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LONDON/NEW YORK, April 26 (Reuters) - Soft commodity giant
Armajaro is no longer in talks to buy Plexus Cotton Ltd, a
medium-sized cotton merchant, throwing into doubt the soft
commodity trader's plans to expand its footprint in the volatile
The privately-held British companies were close to a deal in
November last year, but were unable to agree on terms, the
companies said in a joint statement on Friday. Further details
were not known.
"Discussions have been discontinued by mutual agreement due
to a failure to agree terms," the statement said.
A deal would have given Armajaro a British second-tier
merchant in the small but volatile cotton industry, handling
about 800,000 bales a year, according to trader estimates.
It also has farms and ginneries in Africa and a sales agency
in China, the world's largest cotton producer and consumer. It
reported $500 million in turnover in 2011, according to the most
Armajaro Trading had courted Liverpool-based Plexus for some
time as part of a strategy to diversify its agricultural
commodity portfolio. It trades cocoa, coffee and sugar.
The parent company, Armajaro Holdings Ltd, which was
co-founded by Anthony Ward and Richard Gower, has an asset
management unit as well as subsidiaries that trade financial
instruments and vintage wines.
The acquisition would also have been one of the industry's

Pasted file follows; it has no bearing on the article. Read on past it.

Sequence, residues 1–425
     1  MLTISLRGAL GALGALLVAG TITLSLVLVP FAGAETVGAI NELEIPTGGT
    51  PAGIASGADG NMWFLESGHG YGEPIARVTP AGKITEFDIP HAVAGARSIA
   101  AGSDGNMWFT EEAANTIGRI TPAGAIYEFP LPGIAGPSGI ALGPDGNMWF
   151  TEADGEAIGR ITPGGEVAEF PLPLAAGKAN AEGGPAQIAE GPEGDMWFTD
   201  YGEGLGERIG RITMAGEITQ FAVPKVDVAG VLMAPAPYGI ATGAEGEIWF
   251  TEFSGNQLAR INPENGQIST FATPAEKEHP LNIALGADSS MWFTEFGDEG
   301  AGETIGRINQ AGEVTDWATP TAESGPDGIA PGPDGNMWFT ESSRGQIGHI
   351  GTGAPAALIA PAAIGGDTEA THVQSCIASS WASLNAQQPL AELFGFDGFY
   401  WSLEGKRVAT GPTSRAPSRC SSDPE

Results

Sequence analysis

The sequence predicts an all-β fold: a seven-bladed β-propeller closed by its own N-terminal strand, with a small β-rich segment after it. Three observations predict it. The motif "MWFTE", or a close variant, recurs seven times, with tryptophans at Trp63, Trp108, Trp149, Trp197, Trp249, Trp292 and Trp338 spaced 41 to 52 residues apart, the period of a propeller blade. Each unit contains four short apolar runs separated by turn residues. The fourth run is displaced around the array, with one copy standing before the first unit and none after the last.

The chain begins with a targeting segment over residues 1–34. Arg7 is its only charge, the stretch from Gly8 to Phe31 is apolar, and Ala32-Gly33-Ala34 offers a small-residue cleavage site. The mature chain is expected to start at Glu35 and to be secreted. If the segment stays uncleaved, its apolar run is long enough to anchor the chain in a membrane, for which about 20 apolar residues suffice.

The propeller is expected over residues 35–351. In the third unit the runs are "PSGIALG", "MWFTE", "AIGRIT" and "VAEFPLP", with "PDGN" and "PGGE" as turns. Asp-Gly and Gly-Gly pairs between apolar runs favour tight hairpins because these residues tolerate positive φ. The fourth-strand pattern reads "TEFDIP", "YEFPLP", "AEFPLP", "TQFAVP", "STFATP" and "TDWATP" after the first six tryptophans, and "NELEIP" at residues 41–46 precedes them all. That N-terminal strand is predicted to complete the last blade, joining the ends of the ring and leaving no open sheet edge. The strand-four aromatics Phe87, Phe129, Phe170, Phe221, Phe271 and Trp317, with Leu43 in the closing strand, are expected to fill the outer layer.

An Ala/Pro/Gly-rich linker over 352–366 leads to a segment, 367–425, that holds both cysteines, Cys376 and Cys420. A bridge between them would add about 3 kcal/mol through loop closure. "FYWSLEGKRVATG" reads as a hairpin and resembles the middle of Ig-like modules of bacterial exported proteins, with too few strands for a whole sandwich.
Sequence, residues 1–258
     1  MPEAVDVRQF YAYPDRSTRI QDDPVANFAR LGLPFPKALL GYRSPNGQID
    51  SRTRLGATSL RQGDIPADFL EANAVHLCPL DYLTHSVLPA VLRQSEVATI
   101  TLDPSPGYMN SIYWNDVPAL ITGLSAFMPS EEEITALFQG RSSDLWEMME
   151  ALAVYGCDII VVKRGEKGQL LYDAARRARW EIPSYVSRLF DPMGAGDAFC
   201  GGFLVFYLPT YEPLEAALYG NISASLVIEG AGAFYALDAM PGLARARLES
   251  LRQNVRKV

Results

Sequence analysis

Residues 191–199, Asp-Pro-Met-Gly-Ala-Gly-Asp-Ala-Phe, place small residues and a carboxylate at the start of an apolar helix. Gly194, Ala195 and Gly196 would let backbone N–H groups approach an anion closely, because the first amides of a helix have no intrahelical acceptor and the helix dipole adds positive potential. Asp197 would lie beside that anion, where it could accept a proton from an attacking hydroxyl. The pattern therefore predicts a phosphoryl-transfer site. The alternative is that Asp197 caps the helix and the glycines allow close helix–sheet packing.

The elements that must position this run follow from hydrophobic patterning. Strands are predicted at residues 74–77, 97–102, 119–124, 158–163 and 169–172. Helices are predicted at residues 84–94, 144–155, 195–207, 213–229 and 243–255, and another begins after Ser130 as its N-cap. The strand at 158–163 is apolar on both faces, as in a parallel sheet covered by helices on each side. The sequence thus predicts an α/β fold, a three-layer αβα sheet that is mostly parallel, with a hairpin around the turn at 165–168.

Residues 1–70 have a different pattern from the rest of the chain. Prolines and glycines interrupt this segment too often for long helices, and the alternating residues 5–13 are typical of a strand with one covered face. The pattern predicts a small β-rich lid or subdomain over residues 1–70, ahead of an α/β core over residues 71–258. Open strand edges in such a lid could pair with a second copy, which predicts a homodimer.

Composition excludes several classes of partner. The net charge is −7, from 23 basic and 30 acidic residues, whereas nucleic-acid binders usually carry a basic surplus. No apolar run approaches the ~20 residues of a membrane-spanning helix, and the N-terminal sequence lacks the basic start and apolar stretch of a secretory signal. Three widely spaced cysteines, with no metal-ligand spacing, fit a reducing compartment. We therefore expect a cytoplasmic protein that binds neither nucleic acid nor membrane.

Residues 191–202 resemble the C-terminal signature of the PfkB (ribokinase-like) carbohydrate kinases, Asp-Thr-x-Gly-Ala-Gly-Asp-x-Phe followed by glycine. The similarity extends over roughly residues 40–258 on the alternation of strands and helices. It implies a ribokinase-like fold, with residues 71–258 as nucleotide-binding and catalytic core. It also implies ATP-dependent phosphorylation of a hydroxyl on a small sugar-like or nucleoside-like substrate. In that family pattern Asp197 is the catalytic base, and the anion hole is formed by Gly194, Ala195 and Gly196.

first major deals since 2009 when Allenberg Cotton, a division
of trading giant and the world's largest cotton merchant, Louis
Dreyfus Corp, bought Dunavant Enterprises.
The long-time cotton firm was left reeling following 2008's
Armajaro's talks with Plexus were in very different
circumstances: Plexus chairman and owner Nick Earlam, who
founded the company in 1990, was not under duress to sell.
Otherwise, there has been little major consolidation in the
industry. In January, Louis Dreyfus announced plans to buy a
13-percent stake in Namoi Cotton Co-operative Ltd to expand its
share of the lucrative Australian market.
The negotiations have ended as cotton's longest bull run in
two years fuelled by speculative buying has faltered.
Spot prices were down 7 percent this month and off
more than 12 percent from a one-year high of almost 94 cents per
lb touched mid-March as hedge funds and other speculative
investors have booked profits.
Even so, cotton's turnaround after two years of double-digit
percentage losses on lower demand and a big surplus has
surprised many traders.
Year-to-date, prices are still up 8 percent and cotton is
the third-best performing asset in the Thomson Reuters-Jefferies
CRB index, a commodities bellwether that tracks 19
mostly U.S.-traded markets.
(Reporting by Sarah McFarlane in London and Chris Prentice in
New York; Editing by Jane Baird and Marguerita Choy)